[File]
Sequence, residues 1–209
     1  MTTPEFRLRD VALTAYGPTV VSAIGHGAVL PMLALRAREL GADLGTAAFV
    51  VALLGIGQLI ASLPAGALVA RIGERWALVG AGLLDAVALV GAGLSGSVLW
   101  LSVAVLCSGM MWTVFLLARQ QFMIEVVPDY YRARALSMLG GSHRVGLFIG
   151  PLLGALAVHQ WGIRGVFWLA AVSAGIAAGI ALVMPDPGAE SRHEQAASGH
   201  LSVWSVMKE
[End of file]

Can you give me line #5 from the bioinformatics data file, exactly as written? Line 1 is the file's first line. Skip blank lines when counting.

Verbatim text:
   151  PLLGALAVHQ WGIRGVFWLA AVSAGIAAGI ALVMPDPGAE SRHEQAASGH